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How Can We Predict the Success of Immigrant Entrepreneurs in Canada?

Jul 16, 2018
Ali Bajwa Ali Bajwa
Research Intern
Immigration

Immigrants fill jobs but they also create them. While all immigrants have the potential to contribute to the economy through participation in the labour force, those who come in as entrepreneurs have the potential to expand job opportunities.

However, the biggest challenge of Canada’s entrepreneur immigration programs has been identifying metrics that will best predict an immigrant entrepreneur’s success. While we know that youth, high levels of education and language proficiency, and bonuses such as prearranged employment and Canadian experience help predict the success of skilled workers, it’s not as easy to do the same for immigrant entrepreneurs for a variety of reasons—especially as entrepreneurship is highly challenging for Canadians and immigrants alike.

The launch of the Start-up Visa (SUV) Program in 2013 by the federal government was a paradigm shift in Canada’s approach to selecting entrepreneurs. Rather than focusing on traditional metrics such as an immigrant entrepreneur’s business experience, net worth, and the amount of investment they would make in Canada, the SUV seeks entrepreneurs who have high human capital and are vetted by the Canadian business community. While promising, the program’s low intake suggests that there is a need for new entrepreneur programming under federal and provincial streams to attract more innovative entrepreneurs to Canada.

The key question is: What metrics could help the federal government and the provinces/territories best predict the success of entrepreneurs?

As a first step, one may want to begin by asking: Why is it that some immigrant entrepreneurs do not succeed in Canada? Common barriers include a lack of social and professional networks, weak language skills, lack of a credit score, no mentorship, and little or no information about government support.

In the face of such barriers, it may be useful to have selection criteria that draw from what we know about what predicts the success of skilled workers and to include other metrics that are important in Canada’s 21st-century economy. Hence, focusing recruiting young and educated entrepreneurs who are highly proficient in English or French could help. Moreover, innovative selection criteria such as whether an entrepreneur has a STEM background, valuable intellectual property, and peer-reviewed publications could be used. Such selection criteria reform could go hand in hand with the training of immigration decision-makers—who could work in concert with their government colleagues from economic development agencies—to adequately assess these metrics. Additionally, just like the Start-up Visa, a process could be implemented to enable the private sector to have a say in vetting applicants.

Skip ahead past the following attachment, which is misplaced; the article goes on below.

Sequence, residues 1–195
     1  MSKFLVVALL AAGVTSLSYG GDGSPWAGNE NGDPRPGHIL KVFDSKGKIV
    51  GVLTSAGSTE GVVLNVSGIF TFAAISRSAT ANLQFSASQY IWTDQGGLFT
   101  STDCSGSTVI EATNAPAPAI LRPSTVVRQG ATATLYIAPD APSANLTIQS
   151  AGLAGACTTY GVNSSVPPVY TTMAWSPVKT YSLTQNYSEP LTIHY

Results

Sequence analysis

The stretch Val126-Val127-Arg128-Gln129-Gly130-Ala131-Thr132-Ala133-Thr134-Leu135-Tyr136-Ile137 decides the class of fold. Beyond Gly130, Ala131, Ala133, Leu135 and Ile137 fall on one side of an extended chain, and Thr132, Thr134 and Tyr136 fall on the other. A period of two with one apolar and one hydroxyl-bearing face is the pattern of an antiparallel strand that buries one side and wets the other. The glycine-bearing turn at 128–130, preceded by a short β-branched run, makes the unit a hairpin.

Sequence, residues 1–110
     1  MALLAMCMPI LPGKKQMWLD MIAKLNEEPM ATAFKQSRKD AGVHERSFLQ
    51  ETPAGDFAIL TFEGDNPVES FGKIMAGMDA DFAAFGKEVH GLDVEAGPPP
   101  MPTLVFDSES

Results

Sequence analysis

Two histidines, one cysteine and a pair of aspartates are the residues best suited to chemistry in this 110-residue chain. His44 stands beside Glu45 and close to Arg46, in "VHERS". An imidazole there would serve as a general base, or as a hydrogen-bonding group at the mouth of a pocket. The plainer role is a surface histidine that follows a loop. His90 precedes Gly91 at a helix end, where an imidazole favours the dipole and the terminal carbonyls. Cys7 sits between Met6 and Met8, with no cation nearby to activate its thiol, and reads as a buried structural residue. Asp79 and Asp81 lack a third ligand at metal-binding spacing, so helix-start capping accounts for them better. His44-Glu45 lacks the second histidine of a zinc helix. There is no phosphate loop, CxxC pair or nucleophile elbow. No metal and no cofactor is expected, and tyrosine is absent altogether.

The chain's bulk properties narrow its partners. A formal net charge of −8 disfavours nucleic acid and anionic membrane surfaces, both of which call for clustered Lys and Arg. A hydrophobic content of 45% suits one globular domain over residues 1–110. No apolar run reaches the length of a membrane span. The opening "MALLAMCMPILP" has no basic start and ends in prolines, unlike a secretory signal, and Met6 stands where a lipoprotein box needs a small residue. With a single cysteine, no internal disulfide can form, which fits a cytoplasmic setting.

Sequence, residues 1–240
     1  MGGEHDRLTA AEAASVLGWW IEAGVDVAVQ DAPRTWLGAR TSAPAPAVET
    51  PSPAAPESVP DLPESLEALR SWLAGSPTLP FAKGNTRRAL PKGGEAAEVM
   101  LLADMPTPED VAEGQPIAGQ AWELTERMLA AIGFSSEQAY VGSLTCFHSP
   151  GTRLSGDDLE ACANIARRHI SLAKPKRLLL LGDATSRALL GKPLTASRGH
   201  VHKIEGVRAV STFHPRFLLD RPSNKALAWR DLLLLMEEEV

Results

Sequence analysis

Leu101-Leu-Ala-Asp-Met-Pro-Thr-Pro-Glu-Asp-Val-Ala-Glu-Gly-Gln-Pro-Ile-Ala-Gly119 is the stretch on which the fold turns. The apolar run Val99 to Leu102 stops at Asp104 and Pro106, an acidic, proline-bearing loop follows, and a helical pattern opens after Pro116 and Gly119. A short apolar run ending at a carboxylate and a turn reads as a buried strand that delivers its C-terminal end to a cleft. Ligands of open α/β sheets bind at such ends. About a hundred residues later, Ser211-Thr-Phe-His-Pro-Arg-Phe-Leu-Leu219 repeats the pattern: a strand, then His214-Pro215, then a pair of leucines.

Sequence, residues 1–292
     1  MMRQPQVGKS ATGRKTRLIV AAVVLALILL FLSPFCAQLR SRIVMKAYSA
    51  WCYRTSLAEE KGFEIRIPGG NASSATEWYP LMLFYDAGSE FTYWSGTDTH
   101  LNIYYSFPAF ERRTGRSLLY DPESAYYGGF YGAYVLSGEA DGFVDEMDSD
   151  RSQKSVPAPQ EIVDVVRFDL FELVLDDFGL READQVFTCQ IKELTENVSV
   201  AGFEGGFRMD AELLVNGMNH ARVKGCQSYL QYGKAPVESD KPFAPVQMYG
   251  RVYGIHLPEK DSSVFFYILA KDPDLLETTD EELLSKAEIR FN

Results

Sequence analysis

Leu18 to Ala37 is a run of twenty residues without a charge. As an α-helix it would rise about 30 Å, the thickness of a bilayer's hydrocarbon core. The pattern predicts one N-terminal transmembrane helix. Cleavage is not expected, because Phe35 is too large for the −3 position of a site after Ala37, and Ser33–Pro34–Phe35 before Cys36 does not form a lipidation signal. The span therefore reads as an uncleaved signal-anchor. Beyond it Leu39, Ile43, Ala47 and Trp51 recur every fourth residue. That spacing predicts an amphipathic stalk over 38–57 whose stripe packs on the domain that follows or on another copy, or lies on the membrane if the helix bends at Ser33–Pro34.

Once entrepreneurs arrive in Canada, a grace period of about one year could be offered—giving them time to find their footing in Canada. After the grace period, immigrant entrepreneurs would have up to two years to prove they can succeed, after which the federal government could decide whether or not to facilitate the transition from temporary to permanent residence.

Helping entrepreneurs develop their social and professional networks would ease their transition into the Canadian business environment. This support could be in the form of the mentorship programs modelled after those that are currently offered across Canada as well as formal in-class instruction dedicated to helping immigrant entrepreneurs succeed. The development of these mentorship programs should incorporate feedback from settlement organizations, business communities, and established, successful entrepreneurs.

Another potentially useful tool could be matching immigrant entrepreneurs with private sector venture and angel investors. While venture capitalists and angels might be overly cautious about investing in immigrant entrepreneurs since it is very risky to do so, there might be a potential for the federal government to match investments made by private equity groups in order to incentivize the recruitment of innovative immigrants to Canada.

Canada’s economy stands to benefit greatly from efforts to attract and support innovative immigrant entrepreneurs. Canadian immigration policies are often reformed to address the country’s evolving economic needs. Creative responses to challenges facing immigration policy-makers in designing good entrepreneur programs would continue this tradition, to the benefit of communities across Canada.

Entrepreneur & Investor Immigration Summit 2018

The Conference Board is hosting its second Entrepreneur & Investor Immigration Summit in Ottawa on November 27–28, 2018. Make sure to attend Canada’s only conference on business immigration to learn and network with some 250 attendees from around the world!

Related Webinar

The Latest Trends in Global Immigrant Entrepreneur Programs and Lessons for Canada
September 11, 2018, at 2:00 p.m. EDT


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